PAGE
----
Why is Canada’s federal environment and climate change minister in Bonn, of all places, lecturing the world on how not to make electricity? Bonn, I will remind you, is in Germany (when I was growing up, it was the capital of what we called “Free” Germany). Germany, I will remind you, is a heavy and enthusiastic if quiet user of coal for making electricity, and its use of coal has trended up—yes, up—in recent years. Canada’s ECC minister, Catherine McKenna, wants the world not to use coal for power generation. So she could be taking a shot at her host.
Why has Germany’s use of coal trended upward in recent years, so much so that I call the country a heavy and enthusiastic user of coal? Because Germany has, in order to please a loud, proud, and almost Monty-Pythonesque constituency of handwringing hippies represented by the Green Party, decided to rid itself of nuclear power.
Will the world media, who whether they know it or not survive solely on the back of the 24/7 electricity that coal and nuclear plants provide and that wind turbines and solar panels cannot, grasp the irony of an anti-coal remonstrance on a cloudy 8°C November day in the heart of Germany, the very country that most quickly wrote the wind and solar fantasy into its national policy?
It really is that simple. And that decision has narrowed down Germany’s options for ways of making baseload electricity to exactly one. As I have mentioned in many earlier articles, there are three ways to make baseload electricity:
- Large hydro.
- Fossil thermal (coal, oil, or gas).
Most places that make electricity tapped their large hydro out early in the electrification era, leaving them fossil or nuclear as their only two choices for further expansion of capacity. Those that ruled out nuclear did so for exactly the same vacuous reasons Germany did, which left them with exactly one choice, fossil thermal.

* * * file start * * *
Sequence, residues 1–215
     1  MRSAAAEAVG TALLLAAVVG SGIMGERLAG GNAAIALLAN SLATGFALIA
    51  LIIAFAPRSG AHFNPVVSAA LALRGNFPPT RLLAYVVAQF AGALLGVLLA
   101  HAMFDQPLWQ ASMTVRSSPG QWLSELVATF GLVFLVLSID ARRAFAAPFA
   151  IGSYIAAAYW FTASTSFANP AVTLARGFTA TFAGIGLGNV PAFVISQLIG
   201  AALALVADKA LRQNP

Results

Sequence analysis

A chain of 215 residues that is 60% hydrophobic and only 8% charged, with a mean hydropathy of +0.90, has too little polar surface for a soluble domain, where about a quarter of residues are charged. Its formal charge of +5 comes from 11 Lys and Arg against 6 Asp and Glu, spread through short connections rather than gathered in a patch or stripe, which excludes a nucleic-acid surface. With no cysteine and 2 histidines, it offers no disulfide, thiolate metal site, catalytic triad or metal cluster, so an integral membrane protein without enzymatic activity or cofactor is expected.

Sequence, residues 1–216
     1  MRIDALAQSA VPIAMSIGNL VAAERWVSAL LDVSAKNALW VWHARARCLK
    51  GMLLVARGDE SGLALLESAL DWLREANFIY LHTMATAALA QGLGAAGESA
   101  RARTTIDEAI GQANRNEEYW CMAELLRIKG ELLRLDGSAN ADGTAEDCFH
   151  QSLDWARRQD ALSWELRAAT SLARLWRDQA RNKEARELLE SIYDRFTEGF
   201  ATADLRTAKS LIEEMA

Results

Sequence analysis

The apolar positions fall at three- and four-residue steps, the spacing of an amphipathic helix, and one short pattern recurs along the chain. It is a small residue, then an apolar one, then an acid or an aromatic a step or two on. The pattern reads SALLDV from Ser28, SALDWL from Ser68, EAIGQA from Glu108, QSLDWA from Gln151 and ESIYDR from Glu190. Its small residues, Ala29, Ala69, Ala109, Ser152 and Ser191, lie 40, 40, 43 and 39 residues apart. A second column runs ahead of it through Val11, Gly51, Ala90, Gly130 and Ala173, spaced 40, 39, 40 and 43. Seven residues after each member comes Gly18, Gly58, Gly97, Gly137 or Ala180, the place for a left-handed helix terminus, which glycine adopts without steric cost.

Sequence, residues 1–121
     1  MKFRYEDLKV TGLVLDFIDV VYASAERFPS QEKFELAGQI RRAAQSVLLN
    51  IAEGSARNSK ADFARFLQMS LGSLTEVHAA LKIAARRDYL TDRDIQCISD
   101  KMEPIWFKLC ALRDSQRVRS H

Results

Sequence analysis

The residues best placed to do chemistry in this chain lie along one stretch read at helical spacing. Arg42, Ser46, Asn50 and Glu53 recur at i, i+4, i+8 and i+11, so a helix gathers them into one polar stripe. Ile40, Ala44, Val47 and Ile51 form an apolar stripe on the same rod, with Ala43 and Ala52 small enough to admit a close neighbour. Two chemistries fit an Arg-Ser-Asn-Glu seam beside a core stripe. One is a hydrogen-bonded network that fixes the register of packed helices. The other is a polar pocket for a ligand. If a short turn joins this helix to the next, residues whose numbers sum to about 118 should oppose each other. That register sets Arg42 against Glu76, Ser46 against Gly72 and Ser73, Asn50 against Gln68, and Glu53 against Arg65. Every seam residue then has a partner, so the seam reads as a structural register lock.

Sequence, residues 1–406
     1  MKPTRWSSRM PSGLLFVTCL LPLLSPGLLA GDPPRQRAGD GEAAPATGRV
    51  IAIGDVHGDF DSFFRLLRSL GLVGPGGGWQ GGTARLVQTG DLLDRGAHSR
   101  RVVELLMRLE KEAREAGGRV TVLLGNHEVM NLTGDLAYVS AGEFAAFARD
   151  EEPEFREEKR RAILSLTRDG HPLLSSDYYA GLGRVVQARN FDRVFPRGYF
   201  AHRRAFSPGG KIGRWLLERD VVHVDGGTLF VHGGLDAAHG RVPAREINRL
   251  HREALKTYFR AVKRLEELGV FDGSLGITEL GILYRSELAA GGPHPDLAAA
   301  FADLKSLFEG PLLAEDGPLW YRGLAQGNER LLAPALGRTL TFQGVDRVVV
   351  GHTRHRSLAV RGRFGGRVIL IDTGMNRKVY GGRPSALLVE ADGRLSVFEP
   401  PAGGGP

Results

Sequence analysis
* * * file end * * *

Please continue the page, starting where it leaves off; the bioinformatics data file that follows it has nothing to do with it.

Whereupon they separated fossil thermal into further choices:
- Natural gas (methane).
This sub-categorization of fossil thermal created a new competitive landscape in the power generation markets in anti-nuclear jurisdictions. Coal, oil and gas began competing against each other in those markets. With public concern about climate change growing, the sub-categorization led to a hierarchy among polluting fuels, in order from worst to best, with coal as the worst and natural gas as the best.
In reality, from the point of view of climate change and clean air, these fossil thermal sub-categories are all bad and should all be avoided. All emit huge amounts of carbon dioxide (CO2), and to quibble over whether one emits 100 grams more per kilowatt-hour than another when the first one emits between 400 and 500 grams at the minimum is to simply miss the point of climate policy.
Nevertheless, such quibbling has become baked into policy and media discussions over climate change. Hence, the trend over the past couple of decades has been to focus on coal as the devil incarnate while putting gas as the white knight.
And hence our (Canada’s) ECC minister McKenna hectoring the world to stop using coal. With her latest hectoring occurring in Bonn, Germany of all places.
There is another piece to this story: renewable energy, and the idea that its favourite darlings wind and solar can, and will by 2050, take over all the heavy lifting in power generation from fossil thermal. Though this idea is ridiculous bunkum, it has gotten hugely favourable press. This has translated into huge public support.
Which has in turn produced the “Germany situation”: phasing out nuclear because it’s not needed in the war against coal because wind and solar can and will replace coal, but actually phasing in more coal because wind and solar, it turns out, cannot replace either nuclear or coal.
Canada’s ECC minister is due, today, in Bonn, Germany, to issue her latest anti-coal remonstrance. Will the world media, who whether they know it or not survive solely on the back of the 24/7 electricity that coal and nuclear plants provide and that wind turbines and solar panels cannot, grasp the irony of an anti-coal remonstrance on a cloudy 8°C November day in the heart of the country that most quickly wrote the wind and solar fantasy into its national policy?
And if they do grasp it, will they report it?